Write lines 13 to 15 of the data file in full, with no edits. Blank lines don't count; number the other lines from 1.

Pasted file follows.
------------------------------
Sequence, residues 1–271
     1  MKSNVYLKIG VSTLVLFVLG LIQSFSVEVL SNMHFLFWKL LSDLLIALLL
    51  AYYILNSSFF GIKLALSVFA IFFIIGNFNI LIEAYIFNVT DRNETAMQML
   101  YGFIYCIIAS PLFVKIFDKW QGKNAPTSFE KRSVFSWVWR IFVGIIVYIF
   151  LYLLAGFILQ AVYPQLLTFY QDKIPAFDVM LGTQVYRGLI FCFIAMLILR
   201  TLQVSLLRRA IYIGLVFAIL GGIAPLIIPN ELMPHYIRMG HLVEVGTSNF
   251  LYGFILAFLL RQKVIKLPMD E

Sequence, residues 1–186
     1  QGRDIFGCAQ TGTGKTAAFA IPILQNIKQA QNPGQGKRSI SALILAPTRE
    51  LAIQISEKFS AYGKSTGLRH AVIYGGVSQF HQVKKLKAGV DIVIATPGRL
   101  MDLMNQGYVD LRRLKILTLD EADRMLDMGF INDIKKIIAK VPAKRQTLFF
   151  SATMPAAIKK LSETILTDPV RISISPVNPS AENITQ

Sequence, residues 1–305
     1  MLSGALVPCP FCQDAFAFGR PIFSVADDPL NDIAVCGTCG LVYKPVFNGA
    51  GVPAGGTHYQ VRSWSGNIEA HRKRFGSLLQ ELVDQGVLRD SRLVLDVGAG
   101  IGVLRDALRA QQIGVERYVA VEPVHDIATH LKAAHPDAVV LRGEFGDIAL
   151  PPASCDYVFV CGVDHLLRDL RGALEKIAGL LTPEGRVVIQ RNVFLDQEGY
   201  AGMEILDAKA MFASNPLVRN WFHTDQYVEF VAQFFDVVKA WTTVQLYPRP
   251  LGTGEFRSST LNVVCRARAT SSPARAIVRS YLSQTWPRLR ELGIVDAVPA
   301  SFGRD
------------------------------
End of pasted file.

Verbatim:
Sequence, residues 1–305
     1  MLSGALVPCP FCQDAFAFGR PIFSVADDPL NDIAVCGTCG LVYKPVFNGA
    51  GVPAGGTHYQ VRSWSGNIEA HRKRFGSLLQ ELVDQGVLRD SRLVLDVGAG